The Case for Impeachment
Have you heard?
ObamaCare is 'constitutional.' Whatever that means.
And it took only 193 pages to explain it. That's why they get paid the big bucks.
Your inbox has been flooded for the past few days with politicians asking you to contribute money on the speculation that nine government employees in black robes might go either way.
Well, now you know.
And your inbox will be flooded from now until November with politicians exhorting you to contribute to their campaigns so that they can 'repeal' this leviathan Federal statute.
What nary a one of them will propose, however, is that any of those nine black-robed employees should be impeached.
You might remember from reading the Constitution that "The House of Representatives ... shall have the sole Power of Impeachment." Federal Constitution, Article I, Section 2
Unlike the powers that the Congress regularly expands without any written authority from the Constitution, the impeachment power is one that the Congress is curiously reticent about exercising. Without exercise, it has atrophied.
The Basis for Impeachment
There is a single sentence in John Roberts' opinion that is the grounds for, at least, his impeachment.
It is not our job to protect the people from the consequences of their political choices.
Right there you have it. That sentence won't be the subject of the pundits examination, ad nauseam, of the opinion and 'what it means.'
But in a few simple, straight-forward words Roberts has, basically, written what many, but nevertheless too few, people have known all along. Our republican form of government has failed in its basic purpose, to protect the rights of the individual -- you know, life, liberty, and the pursuit of happiness. Roberts, in a moment of clarity, comes right out and says it. It's not his job.
Just so you can easily see that I have not taken Roberts' statement out of context, here is the entire paragraph that ends in Roberts' conclusion.
Our permissive reading of these powers is explained in part by a general reticence to invalidate the acts of the Nation’s elected leaders. "Proper respect for a co-ordinate branch of the government" requires that we strike down an Act of Congress only if "the lack of constitutional authority to pass [the] act in question is clearly demonstrated." United States v. Harris, 106 U. S. 629, 635 (1883). Members of this Court are vested with the authority to interpret the law; we possess neither the expertise nor the prerogative to make policy judgments. Those decisions are entrusted to our Nation’s elected leaders, who can be thrown out of office if the people disagree with them. It is not our job to protect the people from the consequences of their political choices.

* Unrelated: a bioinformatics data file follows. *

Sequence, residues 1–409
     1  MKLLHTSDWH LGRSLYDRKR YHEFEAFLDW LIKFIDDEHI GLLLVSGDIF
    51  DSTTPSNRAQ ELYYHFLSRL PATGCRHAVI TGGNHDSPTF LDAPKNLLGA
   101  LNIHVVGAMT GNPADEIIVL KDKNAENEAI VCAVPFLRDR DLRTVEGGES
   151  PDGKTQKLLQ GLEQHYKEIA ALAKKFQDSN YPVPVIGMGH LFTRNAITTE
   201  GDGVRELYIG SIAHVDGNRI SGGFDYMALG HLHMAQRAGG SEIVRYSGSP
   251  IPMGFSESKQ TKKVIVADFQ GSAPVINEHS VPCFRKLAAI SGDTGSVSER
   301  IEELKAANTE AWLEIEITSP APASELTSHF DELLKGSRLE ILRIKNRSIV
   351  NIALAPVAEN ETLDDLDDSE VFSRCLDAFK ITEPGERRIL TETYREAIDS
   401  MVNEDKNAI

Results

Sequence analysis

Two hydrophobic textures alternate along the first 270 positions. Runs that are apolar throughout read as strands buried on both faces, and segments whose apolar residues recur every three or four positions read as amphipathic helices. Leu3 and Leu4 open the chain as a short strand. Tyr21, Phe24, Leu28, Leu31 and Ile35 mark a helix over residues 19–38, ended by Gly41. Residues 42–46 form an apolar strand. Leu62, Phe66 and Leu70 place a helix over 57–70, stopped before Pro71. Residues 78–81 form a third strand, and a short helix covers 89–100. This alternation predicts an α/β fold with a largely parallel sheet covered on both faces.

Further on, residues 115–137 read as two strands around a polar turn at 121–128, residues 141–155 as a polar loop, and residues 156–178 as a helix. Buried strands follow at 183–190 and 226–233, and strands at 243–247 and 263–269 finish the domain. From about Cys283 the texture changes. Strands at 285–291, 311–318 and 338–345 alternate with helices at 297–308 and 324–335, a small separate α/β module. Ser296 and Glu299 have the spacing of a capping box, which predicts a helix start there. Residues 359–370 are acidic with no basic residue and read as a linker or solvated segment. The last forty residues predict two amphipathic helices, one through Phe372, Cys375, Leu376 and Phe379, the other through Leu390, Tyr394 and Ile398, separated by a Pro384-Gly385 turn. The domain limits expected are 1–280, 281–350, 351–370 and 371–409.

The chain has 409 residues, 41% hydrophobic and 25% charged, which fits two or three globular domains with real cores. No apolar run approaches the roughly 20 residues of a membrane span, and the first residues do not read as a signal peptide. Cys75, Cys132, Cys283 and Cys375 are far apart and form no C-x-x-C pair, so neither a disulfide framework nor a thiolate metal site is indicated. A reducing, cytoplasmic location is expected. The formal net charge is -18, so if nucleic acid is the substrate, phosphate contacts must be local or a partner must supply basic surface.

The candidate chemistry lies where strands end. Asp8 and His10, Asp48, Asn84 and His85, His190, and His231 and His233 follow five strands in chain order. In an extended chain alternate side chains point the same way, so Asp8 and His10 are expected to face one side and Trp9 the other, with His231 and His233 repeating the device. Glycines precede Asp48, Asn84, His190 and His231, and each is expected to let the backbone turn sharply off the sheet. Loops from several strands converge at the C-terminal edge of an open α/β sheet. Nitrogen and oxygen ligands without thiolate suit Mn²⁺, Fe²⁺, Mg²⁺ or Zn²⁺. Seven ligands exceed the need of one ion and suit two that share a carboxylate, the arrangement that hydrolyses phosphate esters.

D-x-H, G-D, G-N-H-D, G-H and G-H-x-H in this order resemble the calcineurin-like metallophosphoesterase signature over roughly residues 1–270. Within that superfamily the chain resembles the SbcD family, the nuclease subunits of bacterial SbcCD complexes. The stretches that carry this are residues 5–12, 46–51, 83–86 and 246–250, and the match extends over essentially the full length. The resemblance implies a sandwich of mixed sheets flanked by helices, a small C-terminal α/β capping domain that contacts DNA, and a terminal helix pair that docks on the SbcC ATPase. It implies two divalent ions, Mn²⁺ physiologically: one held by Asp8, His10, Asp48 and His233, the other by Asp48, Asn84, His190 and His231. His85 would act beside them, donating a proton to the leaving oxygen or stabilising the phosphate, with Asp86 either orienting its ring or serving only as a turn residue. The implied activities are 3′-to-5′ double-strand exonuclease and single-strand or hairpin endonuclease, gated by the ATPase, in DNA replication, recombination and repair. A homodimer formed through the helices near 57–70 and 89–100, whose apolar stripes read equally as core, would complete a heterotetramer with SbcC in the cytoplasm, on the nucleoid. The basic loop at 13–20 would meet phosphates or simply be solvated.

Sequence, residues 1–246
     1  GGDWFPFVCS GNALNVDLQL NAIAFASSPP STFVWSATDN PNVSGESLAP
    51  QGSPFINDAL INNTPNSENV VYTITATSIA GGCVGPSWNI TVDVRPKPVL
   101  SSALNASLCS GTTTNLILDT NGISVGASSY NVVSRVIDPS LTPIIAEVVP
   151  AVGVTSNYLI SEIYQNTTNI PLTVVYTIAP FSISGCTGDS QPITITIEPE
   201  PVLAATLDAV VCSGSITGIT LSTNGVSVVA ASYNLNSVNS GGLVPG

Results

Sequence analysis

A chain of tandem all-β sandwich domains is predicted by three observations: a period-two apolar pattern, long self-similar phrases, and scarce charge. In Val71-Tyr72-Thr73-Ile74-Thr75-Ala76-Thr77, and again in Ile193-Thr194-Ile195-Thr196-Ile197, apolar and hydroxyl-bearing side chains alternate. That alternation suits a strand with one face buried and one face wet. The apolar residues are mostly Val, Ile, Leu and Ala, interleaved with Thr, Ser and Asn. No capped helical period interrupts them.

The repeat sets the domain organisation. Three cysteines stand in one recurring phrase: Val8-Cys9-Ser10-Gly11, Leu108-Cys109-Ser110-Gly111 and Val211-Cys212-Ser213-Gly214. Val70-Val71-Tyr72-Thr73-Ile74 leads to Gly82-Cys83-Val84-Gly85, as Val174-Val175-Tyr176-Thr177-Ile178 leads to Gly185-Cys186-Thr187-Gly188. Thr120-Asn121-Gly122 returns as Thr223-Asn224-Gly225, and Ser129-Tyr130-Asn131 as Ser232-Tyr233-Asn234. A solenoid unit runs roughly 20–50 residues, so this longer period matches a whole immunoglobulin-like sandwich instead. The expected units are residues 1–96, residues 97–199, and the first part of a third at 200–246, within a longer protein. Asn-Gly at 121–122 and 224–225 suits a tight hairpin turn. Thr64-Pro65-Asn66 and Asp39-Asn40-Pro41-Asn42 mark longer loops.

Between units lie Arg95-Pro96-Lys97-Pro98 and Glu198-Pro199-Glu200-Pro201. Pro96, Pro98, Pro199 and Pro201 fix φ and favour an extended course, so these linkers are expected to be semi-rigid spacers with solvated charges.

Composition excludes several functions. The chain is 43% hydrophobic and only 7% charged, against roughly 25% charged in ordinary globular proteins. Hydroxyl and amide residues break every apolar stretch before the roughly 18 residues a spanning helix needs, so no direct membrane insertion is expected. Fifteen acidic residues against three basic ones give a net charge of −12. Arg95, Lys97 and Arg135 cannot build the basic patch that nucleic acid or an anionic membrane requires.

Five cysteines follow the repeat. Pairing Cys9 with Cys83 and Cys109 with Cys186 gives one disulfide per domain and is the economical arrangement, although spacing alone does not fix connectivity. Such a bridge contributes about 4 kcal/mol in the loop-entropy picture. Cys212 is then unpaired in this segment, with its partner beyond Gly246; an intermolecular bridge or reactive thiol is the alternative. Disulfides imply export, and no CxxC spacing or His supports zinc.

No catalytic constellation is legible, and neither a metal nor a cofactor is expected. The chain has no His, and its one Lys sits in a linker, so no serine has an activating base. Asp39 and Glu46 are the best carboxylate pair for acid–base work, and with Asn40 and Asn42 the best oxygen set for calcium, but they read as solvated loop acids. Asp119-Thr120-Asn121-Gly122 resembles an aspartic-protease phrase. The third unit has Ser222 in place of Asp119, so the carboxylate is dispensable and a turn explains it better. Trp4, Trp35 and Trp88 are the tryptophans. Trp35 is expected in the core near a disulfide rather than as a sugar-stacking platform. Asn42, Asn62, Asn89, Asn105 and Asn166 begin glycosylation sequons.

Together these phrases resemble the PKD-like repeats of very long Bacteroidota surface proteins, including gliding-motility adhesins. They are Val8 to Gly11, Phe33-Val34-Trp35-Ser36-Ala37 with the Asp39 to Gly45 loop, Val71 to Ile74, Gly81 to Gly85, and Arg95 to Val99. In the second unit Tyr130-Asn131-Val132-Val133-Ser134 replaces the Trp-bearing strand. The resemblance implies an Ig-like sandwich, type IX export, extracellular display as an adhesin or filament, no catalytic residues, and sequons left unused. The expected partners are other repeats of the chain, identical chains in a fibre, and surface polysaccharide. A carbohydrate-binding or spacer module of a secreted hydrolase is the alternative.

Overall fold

Can you believe that? Roberts wrote, "permissive reading."
Roberts also finds a power in the court that is nowhere to be found in the written Constitution.
Members of this Court are vested with the authority to interpret the law ...
Who exactly vested the 'members' with that authority?
I could analyze the opinion further, but there are plenty of pundits who stand to make a lot of money doing that.
Needless to say, Roberts is not the only government employee that needs to be on the business end of the impeachment power. But he would make a good start.
The Repeal Rallying Cry
So, the repeal craze that you will be swept away will sound comforting. You'll 'hope' for a 'change.'
And with a new Congress and, perhaps, a new president, repeal may actually occur. But that won't solve the problem. Your newly elected heroes will go along to get along as they have always done, because you let them get away with it.
The real question that you should ponder is this. At what point will you stop letting your representatives in the Congress get away with it?
You may consider that you are faced with choosing the lesser of two evils. In reality, in almost all cases, you're faced with a Hobson's choice. You'll continue to have that 'choice' dictated to you until you do something to remove the Hobson's of our political world.